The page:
Apr 11 2015

Book Review #firstreads #NewToYouRC and Vocabulary Words of Missing Sisters by Gregory Maguire

Missing Sisters by Gregory Maguire
It’s an interesting read. There are strong references to the 1960s, which is when the book takes place. The book didn’t end as I suspected it would, which makes it intriguing. The characters felt real. There are scenes where the descriptions are very poetic. Excellent symmetry between the opening and closing scene.


According to HarperCollins, these are vocabulary words of 8-12 year olds:
(Definitions provided by Google search)

  • Chortled- laugh in a breathy, gleeful way; chuckle.
  • Matins- a service of morning prayer in various churches; the morning song of birds.
  • Breviary- a book containing the service for each day, to be recited by those in orders in the Roman Catholic Church.
  • Sidled- walk in a furtive, unobtrusive, or timid manner, especially sideways or obliquely.
  • Ebullient- cheerful and full of energy.
  • Mantilla- a lace or silk scarf worn by women over the hair and shoulders
  • Genuflected- lower one’s body briefly by bending one knee to the ground, typically in worship or as a sign of respect
  • Novenas- (in the Roman Catholic Church) a form of worship consisting of special prayers or services on nine successive days.
  • Harangue- a lengthy and aggressive speech./ lecture (someone) at length in an aggressive and critical manner.
  • Maudlin- self-pityingly or tearfully sentimental, often through drunkenness.


I mention this because I am often called out for using vocabulary beyond the comprehension of traditional adults. (To the point that I’m insecure about it now, and make a very conscious effort to write definitions instead of words, or check a thesaurus for a simpler version.) There were five words on this list that I did not know, but four of those seem to be used mainly by the Roman Catholic Church (I’m not Catholic). Mantilla was the other word, so there’s proof of my lack of fashion knowledge. While I do know the other five, I’m not sure that most eight to twelve year old children would know or use them. In order to use a “difficult” word, the definition must be easy to determine from the sentence. I am not sure that this was the case with these words. (I’m also not sure how many eight to twelve year old children today, or in 1994 when this was published, know what a Maidenform bra and Geritol are, but those were possibly used to flesh out the 60’s setting.)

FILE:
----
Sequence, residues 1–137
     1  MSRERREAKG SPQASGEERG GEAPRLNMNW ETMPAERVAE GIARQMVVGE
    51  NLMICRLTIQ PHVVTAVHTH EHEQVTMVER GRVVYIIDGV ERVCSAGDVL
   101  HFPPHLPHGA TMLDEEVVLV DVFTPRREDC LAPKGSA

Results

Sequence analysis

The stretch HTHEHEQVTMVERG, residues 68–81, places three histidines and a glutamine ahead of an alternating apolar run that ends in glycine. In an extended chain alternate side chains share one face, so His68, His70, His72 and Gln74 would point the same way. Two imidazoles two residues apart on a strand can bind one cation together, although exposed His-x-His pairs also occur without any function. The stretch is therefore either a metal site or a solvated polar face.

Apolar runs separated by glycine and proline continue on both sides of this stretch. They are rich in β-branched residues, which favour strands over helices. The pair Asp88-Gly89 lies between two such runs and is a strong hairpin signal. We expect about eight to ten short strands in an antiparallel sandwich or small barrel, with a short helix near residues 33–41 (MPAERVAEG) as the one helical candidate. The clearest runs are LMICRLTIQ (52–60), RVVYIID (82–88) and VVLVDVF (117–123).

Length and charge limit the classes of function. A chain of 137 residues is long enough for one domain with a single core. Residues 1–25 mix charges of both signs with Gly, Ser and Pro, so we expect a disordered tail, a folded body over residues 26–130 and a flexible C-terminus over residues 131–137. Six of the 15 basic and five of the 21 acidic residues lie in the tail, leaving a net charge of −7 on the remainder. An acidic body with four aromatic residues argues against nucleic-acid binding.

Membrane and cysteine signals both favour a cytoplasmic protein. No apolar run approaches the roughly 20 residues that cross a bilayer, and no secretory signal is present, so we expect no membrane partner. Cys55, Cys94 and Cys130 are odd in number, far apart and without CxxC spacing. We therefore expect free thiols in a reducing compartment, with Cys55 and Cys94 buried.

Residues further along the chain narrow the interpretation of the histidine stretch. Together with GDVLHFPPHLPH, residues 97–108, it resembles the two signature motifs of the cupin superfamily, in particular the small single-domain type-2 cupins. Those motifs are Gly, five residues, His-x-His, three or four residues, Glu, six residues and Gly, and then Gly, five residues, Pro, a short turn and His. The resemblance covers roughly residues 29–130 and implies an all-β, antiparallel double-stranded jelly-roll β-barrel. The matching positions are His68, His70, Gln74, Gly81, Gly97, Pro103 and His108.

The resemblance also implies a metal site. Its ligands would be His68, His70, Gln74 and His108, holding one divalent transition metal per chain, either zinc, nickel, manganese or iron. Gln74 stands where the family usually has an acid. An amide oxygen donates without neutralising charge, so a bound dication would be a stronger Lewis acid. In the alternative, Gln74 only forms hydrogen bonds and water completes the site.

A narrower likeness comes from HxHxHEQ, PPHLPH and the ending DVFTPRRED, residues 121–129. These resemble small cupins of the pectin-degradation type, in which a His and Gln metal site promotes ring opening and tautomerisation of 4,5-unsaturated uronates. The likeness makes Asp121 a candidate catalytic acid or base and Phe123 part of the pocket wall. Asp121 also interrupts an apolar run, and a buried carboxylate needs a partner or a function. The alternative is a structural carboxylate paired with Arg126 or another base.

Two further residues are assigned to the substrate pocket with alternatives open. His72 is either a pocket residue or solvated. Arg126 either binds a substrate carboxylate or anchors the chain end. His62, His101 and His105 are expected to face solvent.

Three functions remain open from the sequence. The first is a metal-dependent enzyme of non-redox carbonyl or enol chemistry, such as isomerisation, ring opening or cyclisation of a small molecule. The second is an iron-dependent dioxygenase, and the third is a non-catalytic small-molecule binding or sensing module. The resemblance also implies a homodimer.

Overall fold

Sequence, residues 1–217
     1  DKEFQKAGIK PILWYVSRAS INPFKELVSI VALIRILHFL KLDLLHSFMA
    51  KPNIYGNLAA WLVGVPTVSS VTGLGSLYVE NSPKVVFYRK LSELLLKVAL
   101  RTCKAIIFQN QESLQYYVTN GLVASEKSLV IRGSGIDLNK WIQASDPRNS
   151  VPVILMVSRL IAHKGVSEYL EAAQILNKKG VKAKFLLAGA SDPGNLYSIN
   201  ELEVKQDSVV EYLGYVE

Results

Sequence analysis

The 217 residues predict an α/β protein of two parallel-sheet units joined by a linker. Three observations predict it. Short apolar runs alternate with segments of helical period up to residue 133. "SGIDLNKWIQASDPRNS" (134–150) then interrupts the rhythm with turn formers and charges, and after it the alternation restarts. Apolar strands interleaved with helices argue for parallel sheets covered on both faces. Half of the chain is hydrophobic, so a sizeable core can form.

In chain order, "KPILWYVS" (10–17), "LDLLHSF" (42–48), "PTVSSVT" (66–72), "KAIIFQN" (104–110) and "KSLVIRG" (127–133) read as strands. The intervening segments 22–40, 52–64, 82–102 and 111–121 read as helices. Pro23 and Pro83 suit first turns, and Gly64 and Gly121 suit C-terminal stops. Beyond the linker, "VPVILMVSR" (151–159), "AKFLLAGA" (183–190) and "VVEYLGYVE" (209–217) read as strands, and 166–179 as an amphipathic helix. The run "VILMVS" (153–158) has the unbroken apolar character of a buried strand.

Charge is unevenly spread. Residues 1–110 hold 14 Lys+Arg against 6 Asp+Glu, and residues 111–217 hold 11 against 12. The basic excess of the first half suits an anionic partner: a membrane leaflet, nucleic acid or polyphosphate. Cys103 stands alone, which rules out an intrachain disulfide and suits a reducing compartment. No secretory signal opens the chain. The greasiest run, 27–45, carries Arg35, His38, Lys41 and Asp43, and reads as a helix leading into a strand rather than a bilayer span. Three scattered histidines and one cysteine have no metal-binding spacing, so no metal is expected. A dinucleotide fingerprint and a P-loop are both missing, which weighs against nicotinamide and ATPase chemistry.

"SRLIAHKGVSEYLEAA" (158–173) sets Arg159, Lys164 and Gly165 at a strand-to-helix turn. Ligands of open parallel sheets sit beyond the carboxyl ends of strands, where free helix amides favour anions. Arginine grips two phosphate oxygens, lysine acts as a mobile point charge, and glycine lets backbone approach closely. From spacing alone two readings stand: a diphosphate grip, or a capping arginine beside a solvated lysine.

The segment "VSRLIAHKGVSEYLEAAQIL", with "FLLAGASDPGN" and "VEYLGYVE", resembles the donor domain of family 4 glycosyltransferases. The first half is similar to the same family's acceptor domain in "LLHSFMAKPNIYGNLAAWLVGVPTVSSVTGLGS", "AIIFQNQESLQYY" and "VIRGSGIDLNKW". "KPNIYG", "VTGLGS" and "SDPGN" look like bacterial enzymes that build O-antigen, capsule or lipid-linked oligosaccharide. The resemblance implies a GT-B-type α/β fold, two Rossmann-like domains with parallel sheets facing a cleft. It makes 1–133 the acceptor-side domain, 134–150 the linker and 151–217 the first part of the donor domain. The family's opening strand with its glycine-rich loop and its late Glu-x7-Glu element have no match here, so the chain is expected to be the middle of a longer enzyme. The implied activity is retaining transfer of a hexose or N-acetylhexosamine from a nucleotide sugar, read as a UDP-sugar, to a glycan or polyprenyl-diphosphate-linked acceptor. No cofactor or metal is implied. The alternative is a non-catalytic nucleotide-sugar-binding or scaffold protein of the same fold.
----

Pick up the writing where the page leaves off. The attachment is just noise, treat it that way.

Really, that’s just something that… “made my mind itch.” I’ve still given the book 4 out of 5 stars. (However, I would not buy this book for any of the eight to twelve year old children in my life, such as nieces and nephews, because I do not feel that they are interested in the 1960’s enough to care for this book. Also, I’d hate for one of them to believe they could take a taxi cab in America for $5 and actually get to another town. I’m sure it was true back then, but running away of sorts would cost far more today. Alice is lucky to be alive, though perhaps the point was that she had a religious guardian, or angel, protecting her through some dangerous escapades.)


    • Gulara on April 12, 2015 at 3:33 AM

    I love how thoughtful this review is. I like the reflection on the appropriate use of words and the book’s audience, in particular. Thank you
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    1. I’m glad that you enjoyed reading it.

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